A cool new article from Marin Levy, comparing how appellate courts manage cases–including scheduling cases for oral arguments, issuing published or unpublished opinions, and the role of staff attorneys to screen cases. Here is the abstract:
Case management practices of appellate courts have a significant effect on the outcome of appeals. Decisions about which cases will receive oral argument, which will have dispositions written by staff attorneys in lieu of judges, and which will result in unpublished opinions exert a powerful influence on the quality of justice that can be obtained from the federal appellate courts. Despite their importance, there has been no in-depth review of the case management practices of the different circuit courts in the academic literature.
This Article begins to fill that void. It first documents and analyzes the practices of five circuit courts, based on qualitative research in the form of interviews of appellate judges, clerks of court, court mediators, and staff attorneys. A thorough account of case management reveals the great extent to which these practices vary across circuits. The Article considers reasons for the variation, and asks whether such a lack of uniformity is problematic in a federal system. The Article concludes that disuniformity in case management practice is more defensible than in substantive and procedural law, but that current practice can and should be improved through increased transparency and information sharing between the circuits.
And from the paper:
As these practices are rarely written down or publicly available,9 this Article reports and explores a new dataset, culled from in-person interviews with federal appellate judges, clerks of court, chief circuit mediators, and senior staff attorneys. A thorough account of case management, bolstered by statistical evidence from the Administrative Office of the United States Courts, reveals the great extent to which these practices vary across circuits. When it comes to deciding whether a case will go to oral argument or be decided solely on the briefs, in some circuits this decision is made by a staff attorney, in others, by a judge.10 When it comes to which cases will be directed into a mediation program, in some circuits nearly all civil cases are sent, in others, a subset of cases are selected by the court.11 When it comes to how many cases will actually go to oral argument, in some circuits this percentage is as high as 44.4% and in others as low as 13.1%.12 And when it comes to how many cases are decided by unpublished order, in some circuits this percentage is as high as 93.0% and in others as low as 62.3%.13
I am quite interested in the data set she assembled (“All interview notes are on file with the Duke Law Journal.”)
My own information on these practices has come from qualitative research—primarily through a series of interviews of judges, clerks of court, chief circuit mediators, directors of staff attorneys offices, and supervisory staff attorneys, conducted between March of 2010 and April of 2011.53
53 The goal of speaking to members of the Clerk’s Office and the staff attorneys office was to gather information about the various docket management practices. I selected the people I interviewed by first contacting the Clerk of Court and, if possible, speaking to him or her, and then speaking to whomever he or she recommended (such as directors of the staff attorneys offices or supervisory staff attorneys). The goal of speaking to one or two judges from each circuit was less to learn about specific practices and more to learn what individual judges thought of the case management practices of their circuits generally. For this portion of the project, I simply contacted several judges in each circuit and met with those who had availability (although I did try to balance meeting with active and senior judges, judges who had been appointed by Democrat and Republican Presidents, and at least one female judge). I fully recognize, however, as Judge J. Harvie Wilkinson has stated, that “[n]o one judge can truly hope to speak for the court” and that each “may have a slightly different view about the circuit.” See J. Harvie Wilkinson III, The Fourth Circuit and Its Future, 61 S.C. L. REV. 415, 416 (2010)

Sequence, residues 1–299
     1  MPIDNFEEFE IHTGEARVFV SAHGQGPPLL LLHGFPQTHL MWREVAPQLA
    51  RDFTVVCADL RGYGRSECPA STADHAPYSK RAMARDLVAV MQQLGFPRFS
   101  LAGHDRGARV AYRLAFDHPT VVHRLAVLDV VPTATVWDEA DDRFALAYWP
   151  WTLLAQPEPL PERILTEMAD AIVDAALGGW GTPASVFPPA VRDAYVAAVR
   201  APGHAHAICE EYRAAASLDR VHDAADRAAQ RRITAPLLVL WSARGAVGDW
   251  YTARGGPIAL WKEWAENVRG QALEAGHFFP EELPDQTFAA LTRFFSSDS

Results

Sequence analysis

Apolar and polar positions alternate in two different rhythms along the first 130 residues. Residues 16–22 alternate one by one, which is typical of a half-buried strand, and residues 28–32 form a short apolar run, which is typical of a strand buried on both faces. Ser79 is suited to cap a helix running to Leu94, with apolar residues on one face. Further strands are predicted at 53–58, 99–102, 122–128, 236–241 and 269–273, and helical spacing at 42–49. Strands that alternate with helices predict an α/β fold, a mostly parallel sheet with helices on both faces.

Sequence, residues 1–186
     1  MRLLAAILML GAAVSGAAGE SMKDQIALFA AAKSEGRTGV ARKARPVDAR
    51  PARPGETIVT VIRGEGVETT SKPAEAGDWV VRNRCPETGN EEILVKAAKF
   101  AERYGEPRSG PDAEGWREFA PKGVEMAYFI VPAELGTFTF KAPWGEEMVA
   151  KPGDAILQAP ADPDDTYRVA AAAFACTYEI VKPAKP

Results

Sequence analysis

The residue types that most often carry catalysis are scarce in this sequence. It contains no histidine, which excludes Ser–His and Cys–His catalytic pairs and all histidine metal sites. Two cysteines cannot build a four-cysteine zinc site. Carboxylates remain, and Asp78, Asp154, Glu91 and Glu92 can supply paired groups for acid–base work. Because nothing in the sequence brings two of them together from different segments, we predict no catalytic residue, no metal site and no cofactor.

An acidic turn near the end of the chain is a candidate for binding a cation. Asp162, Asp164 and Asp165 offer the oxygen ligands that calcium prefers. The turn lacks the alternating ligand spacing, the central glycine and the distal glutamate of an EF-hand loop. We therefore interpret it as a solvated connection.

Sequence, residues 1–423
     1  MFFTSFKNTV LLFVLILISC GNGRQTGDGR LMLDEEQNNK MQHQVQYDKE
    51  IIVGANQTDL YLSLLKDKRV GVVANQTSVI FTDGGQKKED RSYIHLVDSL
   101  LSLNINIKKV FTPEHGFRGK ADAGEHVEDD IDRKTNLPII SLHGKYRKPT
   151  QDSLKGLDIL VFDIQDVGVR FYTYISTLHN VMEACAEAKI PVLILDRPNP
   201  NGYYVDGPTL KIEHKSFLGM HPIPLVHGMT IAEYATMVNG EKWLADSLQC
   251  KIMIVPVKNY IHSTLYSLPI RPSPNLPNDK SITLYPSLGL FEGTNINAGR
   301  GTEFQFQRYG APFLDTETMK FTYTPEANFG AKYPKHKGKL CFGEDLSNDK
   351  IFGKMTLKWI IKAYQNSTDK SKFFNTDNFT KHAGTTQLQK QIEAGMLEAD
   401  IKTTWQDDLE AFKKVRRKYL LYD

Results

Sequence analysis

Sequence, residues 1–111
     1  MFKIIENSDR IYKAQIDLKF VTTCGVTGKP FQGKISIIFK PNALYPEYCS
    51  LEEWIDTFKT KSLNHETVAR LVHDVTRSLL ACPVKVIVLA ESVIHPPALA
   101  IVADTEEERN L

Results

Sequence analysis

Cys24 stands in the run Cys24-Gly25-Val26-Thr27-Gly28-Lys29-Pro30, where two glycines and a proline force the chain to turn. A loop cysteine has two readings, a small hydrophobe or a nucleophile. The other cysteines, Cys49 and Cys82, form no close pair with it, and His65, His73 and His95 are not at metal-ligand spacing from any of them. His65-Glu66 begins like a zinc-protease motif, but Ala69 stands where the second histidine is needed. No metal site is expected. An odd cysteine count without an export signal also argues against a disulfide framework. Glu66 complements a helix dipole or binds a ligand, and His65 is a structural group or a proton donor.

Although I tailored my questions to each interviewee, my general approach in each interview was the same. I first asked a set of questions about the specific practices of the interviewee’s circuit, and then asked a set of questions about the interviewee’s views on the practices of his or her circuit—specifically about which practices worked particularly well and which could stand to be improved. With rare exception,54 all of the initial interviews were conducted in person, and lasted between half an hour and two hours. I then conducted follow-up interviews—often as many as three or four—by telephone, over electronic mail, and in person to verify the information that I had collected. I assured each person I interviewed that I would not directly quote him or her without explicit permission—this is why, with few exceptions, I attribute my findings to “a judge” or “a senior member of the Clerk’s Office” or “a senior staff attorney” from a specific circuit.55